CSE 131 (Fall 2008)
Studio 8

If necessary, review studio procedures before starting. Work in groups of 2-3 people. I really mean it! No more than 3 people per group please.

Doubly Linked Lists

In lecture this week, we implemented an IntList interface using lists with one link per item. In this studio, you will investigate implementation of our IntList ADT using a doubly linked list. Your work will include design and implementation of iterators (forwards and backwards) for the list, and a discussion that compares your implementation with the singly linked list from lecture.
Here are the steps:
  1. Gather your group around one workstation. Plan on taking turns at the keyboard.
  2. Make a new Java project called studio8 in an eclipse workspace. Be sure to check the box to put source and compiled files in the same folder.
  3. Use the Import...General archive file steps to import this zip, which contains the interface and class stubs you will implement in a packge called lists.
  4. Review the studio prep material on doubly linked lists.
    Note: The "null" in the sentinel nodes should really be "any integer you like because it will be ignored". In other words, the sentinels should also be ListItem objects.
  5. Examine the IntList interface provided in the zip you installed.
  6. Now let's start a new class in this package, DoublyLinkedListOfInts: You should now have stubs in your new class.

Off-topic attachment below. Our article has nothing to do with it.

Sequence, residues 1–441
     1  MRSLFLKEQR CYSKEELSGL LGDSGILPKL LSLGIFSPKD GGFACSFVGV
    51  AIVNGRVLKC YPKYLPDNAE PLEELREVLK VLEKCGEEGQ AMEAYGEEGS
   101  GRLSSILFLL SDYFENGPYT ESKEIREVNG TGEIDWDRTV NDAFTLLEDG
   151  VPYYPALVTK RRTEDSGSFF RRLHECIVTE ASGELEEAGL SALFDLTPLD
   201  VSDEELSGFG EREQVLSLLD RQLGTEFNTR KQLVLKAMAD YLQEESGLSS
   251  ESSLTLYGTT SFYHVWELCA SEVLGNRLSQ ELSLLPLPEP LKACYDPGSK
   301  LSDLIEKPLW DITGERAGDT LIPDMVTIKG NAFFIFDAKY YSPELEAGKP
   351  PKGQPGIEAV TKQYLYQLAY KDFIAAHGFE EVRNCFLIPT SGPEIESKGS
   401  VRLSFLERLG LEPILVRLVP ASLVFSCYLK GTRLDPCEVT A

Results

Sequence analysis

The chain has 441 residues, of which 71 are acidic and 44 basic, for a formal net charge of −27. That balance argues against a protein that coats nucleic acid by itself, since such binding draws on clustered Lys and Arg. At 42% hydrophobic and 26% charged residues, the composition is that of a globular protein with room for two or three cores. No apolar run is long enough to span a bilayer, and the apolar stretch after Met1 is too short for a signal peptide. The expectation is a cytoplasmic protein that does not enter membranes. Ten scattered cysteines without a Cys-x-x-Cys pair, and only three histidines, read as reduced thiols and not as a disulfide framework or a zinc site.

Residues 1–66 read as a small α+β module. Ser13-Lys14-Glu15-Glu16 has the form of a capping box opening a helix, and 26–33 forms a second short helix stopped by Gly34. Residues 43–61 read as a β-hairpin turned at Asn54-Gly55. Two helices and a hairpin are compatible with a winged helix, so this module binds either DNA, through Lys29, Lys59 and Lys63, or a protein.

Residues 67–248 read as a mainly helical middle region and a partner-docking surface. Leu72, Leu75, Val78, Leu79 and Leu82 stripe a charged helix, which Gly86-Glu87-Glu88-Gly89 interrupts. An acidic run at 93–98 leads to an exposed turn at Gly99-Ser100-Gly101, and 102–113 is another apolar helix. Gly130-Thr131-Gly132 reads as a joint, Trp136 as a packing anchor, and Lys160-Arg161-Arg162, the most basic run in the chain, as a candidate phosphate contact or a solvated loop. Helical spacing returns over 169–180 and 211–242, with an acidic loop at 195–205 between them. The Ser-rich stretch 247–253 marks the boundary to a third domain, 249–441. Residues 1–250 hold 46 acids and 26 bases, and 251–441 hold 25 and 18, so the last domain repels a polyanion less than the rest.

7. For each method in the interface, discuss an implementation and sketch how it would work.
    Look for opportunities to reduce one method's work to another's.
  8. One of the most important aspects of this design is the use of a sentinel, as depicted in the studio prep material . Discuss the role of sentinels and how they affect (simplify) your implementation.
  9. For testing, I've included a TestLinkedListOfObjects jUnit test you can use or adapt to your new class, by editing it or copying it into a new jUnit test. Notice the declarations of the interface type (IntList) as compared with the actual objects instantiated (LinkeListOfInts).
    Use the interface type as much as possible. It does not commit to an implementation and this makes it easier to change from one implementation of the interface to another.
  10. The ListItem class, as given to you and as used in lecture, had only one pointer, namely next. For the doubly linked list, you need to augment ListItem to have two pointers: next and prev.
  11. Work on implementing the methods as we did in class, in the following order:

Last modified 14:29:47 CDT 21 October 2008 by Ron K. Cytron